Chinese youth continue to eye U.S. colleges
Skyrocketing costs do not appear to deter Chinese families from sending their children to colleges in the U.S., as demand for study-abroad agencies remains high.
Yuan Zhengxiang, general manager of the Shanghai-based OvEdu Center, an agency that assists students with plans to study overseas, told the Global Times on Monday that "although some parents were surprised when they learned that it costs from 400,000 to 500,000 yuan (,388) a year for a Chinese student to study in the U.S., they never step back from betting on a better future for their only child."
"Most families of students planning to study overseas are affluent, so the increases remain acceptable," Yuan added.
The top 50 private U.S. universities increased their tuition for the 2017-18 academic year by an average of 3.6 percent, with some increasing tuition by more than 4 percent, USA Today reported.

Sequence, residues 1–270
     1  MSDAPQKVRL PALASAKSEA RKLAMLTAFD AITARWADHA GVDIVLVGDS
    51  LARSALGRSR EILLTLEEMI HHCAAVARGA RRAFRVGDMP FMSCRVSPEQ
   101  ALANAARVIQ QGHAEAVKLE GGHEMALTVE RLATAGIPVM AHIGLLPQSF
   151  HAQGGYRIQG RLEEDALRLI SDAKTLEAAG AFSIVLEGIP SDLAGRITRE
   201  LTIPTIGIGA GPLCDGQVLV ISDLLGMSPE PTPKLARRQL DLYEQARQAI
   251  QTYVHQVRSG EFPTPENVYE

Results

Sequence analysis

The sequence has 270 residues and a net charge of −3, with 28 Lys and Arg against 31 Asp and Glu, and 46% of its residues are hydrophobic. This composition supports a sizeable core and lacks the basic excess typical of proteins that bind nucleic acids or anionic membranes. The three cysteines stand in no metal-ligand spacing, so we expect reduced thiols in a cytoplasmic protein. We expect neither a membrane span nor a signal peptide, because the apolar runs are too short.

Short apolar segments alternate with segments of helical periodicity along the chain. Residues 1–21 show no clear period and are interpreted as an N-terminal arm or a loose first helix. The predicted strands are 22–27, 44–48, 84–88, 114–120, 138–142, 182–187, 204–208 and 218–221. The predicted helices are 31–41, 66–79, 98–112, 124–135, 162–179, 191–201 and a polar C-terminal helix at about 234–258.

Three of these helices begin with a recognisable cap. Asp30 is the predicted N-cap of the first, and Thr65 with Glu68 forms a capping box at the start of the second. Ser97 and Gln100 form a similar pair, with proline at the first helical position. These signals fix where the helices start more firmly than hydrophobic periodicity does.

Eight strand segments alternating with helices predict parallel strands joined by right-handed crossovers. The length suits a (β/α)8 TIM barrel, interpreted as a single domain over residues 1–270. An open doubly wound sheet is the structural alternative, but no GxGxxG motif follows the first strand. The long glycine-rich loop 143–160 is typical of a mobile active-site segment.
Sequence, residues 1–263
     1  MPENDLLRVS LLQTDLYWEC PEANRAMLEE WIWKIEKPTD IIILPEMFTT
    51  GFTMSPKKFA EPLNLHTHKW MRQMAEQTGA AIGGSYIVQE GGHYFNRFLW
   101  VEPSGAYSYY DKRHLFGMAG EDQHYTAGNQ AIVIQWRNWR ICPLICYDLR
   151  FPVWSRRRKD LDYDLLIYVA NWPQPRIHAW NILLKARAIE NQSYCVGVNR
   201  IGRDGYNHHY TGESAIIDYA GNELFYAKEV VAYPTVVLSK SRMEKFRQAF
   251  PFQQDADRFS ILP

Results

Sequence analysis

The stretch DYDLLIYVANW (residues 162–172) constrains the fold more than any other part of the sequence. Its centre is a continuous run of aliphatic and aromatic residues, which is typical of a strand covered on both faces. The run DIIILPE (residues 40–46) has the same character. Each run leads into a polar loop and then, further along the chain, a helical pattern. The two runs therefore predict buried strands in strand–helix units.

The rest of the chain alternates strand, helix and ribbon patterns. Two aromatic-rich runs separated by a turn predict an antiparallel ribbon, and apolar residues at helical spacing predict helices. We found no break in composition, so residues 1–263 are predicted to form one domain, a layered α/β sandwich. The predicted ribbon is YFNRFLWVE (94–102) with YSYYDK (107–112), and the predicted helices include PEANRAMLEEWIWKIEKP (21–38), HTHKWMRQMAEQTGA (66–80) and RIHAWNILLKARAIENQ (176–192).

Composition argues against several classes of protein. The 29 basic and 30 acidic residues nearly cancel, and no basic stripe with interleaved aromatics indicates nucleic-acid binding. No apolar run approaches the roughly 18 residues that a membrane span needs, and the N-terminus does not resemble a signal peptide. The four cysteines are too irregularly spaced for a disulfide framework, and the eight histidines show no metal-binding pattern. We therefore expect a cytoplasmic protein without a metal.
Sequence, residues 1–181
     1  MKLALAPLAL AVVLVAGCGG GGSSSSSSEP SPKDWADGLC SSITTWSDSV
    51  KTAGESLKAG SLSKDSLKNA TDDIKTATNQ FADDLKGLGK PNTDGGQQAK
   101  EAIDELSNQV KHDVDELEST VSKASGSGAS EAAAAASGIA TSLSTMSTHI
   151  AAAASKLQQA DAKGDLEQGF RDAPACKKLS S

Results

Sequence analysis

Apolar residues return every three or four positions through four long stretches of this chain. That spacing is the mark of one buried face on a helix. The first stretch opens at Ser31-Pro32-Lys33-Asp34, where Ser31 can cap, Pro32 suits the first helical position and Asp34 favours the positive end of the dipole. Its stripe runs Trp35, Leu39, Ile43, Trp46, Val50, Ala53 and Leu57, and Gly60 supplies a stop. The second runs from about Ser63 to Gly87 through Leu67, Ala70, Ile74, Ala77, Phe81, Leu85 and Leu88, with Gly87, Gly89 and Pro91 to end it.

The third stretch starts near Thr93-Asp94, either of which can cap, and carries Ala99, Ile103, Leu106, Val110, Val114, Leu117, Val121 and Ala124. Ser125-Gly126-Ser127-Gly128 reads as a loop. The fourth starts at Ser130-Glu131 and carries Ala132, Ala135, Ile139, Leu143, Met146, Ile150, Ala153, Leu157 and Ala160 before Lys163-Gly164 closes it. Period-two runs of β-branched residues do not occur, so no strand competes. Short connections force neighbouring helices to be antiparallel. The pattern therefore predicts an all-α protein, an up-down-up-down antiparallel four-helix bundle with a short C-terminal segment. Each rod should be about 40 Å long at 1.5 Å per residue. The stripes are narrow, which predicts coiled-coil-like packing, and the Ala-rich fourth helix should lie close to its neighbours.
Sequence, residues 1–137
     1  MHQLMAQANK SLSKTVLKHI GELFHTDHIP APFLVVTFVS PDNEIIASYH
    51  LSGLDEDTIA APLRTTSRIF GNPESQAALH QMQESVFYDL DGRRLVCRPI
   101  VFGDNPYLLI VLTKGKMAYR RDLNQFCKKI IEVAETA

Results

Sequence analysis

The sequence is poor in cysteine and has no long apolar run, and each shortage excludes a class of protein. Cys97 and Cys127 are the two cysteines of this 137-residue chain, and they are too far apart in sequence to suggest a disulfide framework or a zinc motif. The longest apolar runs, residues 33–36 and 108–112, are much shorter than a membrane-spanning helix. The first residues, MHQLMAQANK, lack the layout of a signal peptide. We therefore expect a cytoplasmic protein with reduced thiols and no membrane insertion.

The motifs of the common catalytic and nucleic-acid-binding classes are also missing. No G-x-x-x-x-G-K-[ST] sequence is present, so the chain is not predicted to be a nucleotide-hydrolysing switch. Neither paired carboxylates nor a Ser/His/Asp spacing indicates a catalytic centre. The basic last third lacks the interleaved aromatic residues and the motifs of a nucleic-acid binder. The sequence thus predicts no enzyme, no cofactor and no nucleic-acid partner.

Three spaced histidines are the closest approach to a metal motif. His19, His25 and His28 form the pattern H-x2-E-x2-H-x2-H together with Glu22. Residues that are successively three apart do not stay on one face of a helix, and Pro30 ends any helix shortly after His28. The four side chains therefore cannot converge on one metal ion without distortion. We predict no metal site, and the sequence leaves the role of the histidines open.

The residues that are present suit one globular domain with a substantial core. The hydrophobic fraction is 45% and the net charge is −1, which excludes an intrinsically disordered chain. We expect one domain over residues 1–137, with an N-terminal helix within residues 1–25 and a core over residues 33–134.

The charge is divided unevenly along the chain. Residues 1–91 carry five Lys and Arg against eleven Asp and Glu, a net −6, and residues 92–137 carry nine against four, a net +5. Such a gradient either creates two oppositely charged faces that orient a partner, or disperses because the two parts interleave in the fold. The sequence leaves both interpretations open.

Harvard College, for example, raised its tuition for the 2017-18 academic year by 4 percent to ,990.
"The U.S. offers better education, more universities and more subjects, providing more opportunities to Chinese students no matter how they do in domestic schools," Yuan said, adding that the trend will continue.
When asked by the Global Times whether he would change his mind to study in the U.S. if the cost continues to rise, a user of Chinese online forum Baidu Tieba surnamed Li answered "No" without hesitation.
Li was one of some 2017 gaokao examinees who posed on the Baidu Tieba on Saturday to complain about their poor performance in the exam, and expressed the desire to apply for a U.S. college.